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South by Southwest is back in person with its annual 'shot in the arm' to Austin's economy

People walk under a sign that says "SXSW" in the Austin Convention Center.
Patricia Lim
/
KUT
As South by Southwest returns in full force, it brings with it a boost to the local economy.

South by Southwest returned in full force today with its first in-person festival in three years. A perennial boost to the economy, the festival brings restaurant diners, hotel guests, rideshare passengers, tech workers with expense accounts and souvenir shoppers.

“South by Southwest is always a big shot in the arm in terms of the amount of commerce that goes on in Austin, particularly in the downtown area," SXSW Chief Programming Officer Hugh Forrest said. "We know that in 2019, the event had a $350 million economic impact on Austin, which is, you know, a sizable percentage of what a Super Bowl does.”

That’s $350 million flowing from visitors through the pockets of sound engineers, waiters and pedicab drivers and eventually to rent, electric bills and groceries.

“For a while, it was our second Christmas," said Cindy Y. Lo, CEO of Red Velvet, an experience-marketing and event-planning business. "We have two busy seasons, fall and spring. But spring is really March." 

Red Velvet creates many of the branded booths and clubs that have become a hallmark of the festival.

“It was always thanks to South by Southwest we had double the revenue, easily, of any given month, and it was just wonderful,” she said.

A mini-economy sprouted around it, with small businesses, independent contractors and gig workers marking the middle of March on the calendar as paydays. Then, for two years, the festival and the work vanished.

South by Southwest laid off roughly a third of its employees. Lo’s company Red Velvet has less than half the employees she had two years ago.

For Amanda Fairman, co-founder of Bluebonnet Custom Graphics, the cancellation meant nearly a total loss.

“That day was when everything got pretty crazy, where I was like, okay, I really don’t know how I’m going to make money for the next couple of months,” Fairman said.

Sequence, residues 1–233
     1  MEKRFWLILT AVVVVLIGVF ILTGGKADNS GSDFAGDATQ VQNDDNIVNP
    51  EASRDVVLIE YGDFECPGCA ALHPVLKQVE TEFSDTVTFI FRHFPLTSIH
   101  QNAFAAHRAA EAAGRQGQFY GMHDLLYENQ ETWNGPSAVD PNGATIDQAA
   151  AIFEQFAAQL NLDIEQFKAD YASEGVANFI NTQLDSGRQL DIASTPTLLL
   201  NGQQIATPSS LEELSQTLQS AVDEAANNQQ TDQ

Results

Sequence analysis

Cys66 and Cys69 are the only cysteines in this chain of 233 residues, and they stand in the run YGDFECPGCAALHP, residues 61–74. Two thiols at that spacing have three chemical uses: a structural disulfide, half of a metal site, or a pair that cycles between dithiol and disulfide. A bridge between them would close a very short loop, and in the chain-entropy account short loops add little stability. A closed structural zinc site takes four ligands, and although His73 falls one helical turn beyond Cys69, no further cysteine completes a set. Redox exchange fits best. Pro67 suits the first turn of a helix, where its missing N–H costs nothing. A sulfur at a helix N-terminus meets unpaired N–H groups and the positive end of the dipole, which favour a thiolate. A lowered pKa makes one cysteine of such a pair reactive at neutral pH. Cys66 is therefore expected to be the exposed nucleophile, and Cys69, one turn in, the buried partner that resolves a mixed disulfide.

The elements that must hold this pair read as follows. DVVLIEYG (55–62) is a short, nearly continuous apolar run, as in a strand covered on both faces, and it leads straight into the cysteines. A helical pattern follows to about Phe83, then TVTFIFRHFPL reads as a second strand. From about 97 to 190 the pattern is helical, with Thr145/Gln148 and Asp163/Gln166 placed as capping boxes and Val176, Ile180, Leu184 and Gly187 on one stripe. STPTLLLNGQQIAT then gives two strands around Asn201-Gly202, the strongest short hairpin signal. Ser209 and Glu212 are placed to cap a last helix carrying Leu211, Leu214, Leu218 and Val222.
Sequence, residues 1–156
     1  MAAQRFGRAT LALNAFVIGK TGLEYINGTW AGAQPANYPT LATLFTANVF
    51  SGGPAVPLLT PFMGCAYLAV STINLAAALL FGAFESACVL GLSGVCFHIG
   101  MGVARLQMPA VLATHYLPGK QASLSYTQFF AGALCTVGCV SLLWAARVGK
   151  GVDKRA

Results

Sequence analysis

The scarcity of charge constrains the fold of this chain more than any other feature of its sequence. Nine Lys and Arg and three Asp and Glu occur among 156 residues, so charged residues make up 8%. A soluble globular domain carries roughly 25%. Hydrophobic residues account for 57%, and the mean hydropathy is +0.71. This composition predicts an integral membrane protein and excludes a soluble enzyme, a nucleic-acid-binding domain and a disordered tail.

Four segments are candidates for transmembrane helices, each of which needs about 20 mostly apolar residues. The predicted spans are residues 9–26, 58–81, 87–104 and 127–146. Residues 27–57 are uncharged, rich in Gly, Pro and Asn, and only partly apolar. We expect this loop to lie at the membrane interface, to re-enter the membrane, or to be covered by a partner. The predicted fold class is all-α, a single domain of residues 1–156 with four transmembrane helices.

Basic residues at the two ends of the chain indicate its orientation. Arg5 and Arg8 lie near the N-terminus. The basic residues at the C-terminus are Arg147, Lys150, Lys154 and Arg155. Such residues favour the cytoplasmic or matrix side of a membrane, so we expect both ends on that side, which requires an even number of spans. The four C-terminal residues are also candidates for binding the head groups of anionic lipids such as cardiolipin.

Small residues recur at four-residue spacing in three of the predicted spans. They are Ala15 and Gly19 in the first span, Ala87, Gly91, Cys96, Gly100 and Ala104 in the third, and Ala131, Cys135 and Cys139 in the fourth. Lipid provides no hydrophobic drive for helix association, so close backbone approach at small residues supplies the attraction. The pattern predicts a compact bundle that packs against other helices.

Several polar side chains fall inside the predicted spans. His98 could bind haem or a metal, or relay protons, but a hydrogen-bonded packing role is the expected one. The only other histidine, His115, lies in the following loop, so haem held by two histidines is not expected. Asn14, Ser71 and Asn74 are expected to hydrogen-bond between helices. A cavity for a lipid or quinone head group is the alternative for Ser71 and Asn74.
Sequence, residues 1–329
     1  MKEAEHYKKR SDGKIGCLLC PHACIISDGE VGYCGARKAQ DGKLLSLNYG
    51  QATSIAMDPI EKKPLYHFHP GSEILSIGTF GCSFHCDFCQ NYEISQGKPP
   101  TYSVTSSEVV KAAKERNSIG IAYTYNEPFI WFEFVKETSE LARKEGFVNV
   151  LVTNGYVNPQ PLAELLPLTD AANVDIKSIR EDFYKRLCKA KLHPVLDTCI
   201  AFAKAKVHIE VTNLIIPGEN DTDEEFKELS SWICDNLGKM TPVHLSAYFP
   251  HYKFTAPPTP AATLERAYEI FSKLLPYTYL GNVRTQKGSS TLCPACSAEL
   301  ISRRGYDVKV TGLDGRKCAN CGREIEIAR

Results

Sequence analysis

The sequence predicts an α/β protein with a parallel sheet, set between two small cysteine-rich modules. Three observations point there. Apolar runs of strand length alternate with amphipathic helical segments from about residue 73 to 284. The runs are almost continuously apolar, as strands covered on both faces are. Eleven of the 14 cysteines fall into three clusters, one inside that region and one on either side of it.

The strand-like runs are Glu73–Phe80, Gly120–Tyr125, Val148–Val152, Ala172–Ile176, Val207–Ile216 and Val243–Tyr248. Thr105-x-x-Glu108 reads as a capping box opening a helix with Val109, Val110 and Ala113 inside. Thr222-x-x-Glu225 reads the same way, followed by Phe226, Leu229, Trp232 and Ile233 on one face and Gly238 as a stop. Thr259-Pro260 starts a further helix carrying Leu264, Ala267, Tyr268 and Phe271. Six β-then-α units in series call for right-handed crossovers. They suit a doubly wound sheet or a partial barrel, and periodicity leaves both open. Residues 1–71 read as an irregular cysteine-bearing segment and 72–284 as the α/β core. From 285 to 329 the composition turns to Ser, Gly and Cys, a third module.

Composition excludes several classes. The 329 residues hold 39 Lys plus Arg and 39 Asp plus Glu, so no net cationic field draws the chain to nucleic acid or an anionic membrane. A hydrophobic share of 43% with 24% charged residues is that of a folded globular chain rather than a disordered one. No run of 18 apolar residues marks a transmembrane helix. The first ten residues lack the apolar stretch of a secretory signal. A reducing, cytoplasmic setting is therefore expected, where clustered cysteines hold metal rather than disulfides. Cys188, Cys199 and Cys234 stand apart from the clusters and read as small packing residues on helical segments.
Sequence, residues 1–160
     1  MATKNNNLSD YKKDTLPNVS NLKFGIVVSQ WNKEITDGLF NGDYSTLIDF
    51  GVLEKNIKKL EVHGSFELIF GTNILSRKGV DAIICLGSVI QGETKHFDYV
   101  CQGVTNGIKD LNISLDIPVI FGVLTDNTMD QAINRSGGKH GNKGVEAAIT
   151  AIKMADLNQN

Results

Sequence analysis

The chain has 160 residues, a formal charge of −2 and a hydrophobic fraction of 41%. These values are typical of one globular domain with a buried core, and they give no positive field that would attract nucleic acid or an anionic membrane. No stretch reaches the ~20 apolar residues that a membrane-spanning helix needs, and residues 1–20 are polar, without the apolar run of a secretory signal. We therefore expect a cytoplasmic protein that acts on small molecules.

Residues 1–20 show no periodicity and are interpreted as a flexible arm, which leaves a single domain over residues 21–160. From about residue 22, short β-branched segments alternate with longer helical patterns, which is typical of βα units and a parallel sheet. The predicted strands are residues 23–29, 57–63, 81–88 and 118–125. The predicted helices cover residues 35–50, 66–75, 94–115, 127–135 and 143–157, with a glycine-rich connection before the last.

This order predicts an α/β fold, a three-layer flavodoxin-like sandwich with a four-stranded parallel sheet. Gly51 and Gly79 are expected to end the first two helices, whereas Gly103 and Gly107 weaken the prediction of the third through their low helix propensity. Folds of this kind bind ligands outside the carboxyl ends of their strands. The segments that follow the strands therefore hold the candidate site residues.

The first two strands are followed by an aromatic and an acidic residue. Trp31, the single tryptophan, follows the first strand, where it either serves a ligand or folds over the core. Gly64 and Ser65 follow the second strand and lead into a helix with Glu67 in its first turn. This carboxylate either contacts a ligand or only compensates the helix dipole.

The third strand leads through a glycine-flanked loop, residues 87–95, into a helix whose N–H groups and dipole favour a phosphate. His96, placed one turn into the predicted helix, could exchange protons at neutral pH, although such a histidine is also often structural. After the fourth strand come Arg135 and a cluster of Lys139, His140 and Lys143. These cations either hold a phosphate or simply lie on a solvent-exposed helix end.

She and her partner print merchandise for bands and businesses. Her biggest clients at the time depended on SXSW and the rodeo for merchandise sales. She says they have since pivoted to some other products to sustain themselves.

The announcement that this year’s South by Southwest was going to be in person was welcome news, but the lead-up had many of Fairman’s clients worried.

“Even though they were making all of these announcements of, you know, ‘OK, this is happening in person,’" she said, "I think there was a lot of hesitation. There were so many false starts.”

But now South by Southwest is here, and client orders are coming nearly nonstop.

A similar situation is happening over at Red Velvet. Lo says many would-be clients got a case of "fear of missing out" as COVID-19 indicators improved and the festival looked like a go.

“Really, the last two weeks — which is crazy — people were asking us, ‘Would you be willing to take on our last-minute event?’" Lo said. "We can't, physically, because we don't have enough people and we're already booked. I reached out to other competitors to ask them if they wanted it, and they said ‘No, we’re booked too.’”

Forrest, with SXSW, says having the festival back is good news for everyone in the city.

“Even more importantly, it reaffirms Austin as this global epicenter of creativity, of innovation, of forward-thinking, progressive ideas, a place where you can make connections,” he said.

This year’s festival may not be as large as it was in its peak in 2019, but it is still bringing some heavy hitters for performances and panels to Austin, from Lizzo to Dolly Parton, Pete Buttigieg and even former All Things Considered host Audie Cornish.

SXSW organizers are expecting a 10% to 20% drop in attendance from three years ago. But that's still a lot of people — and still music to a lot of people’s ears.

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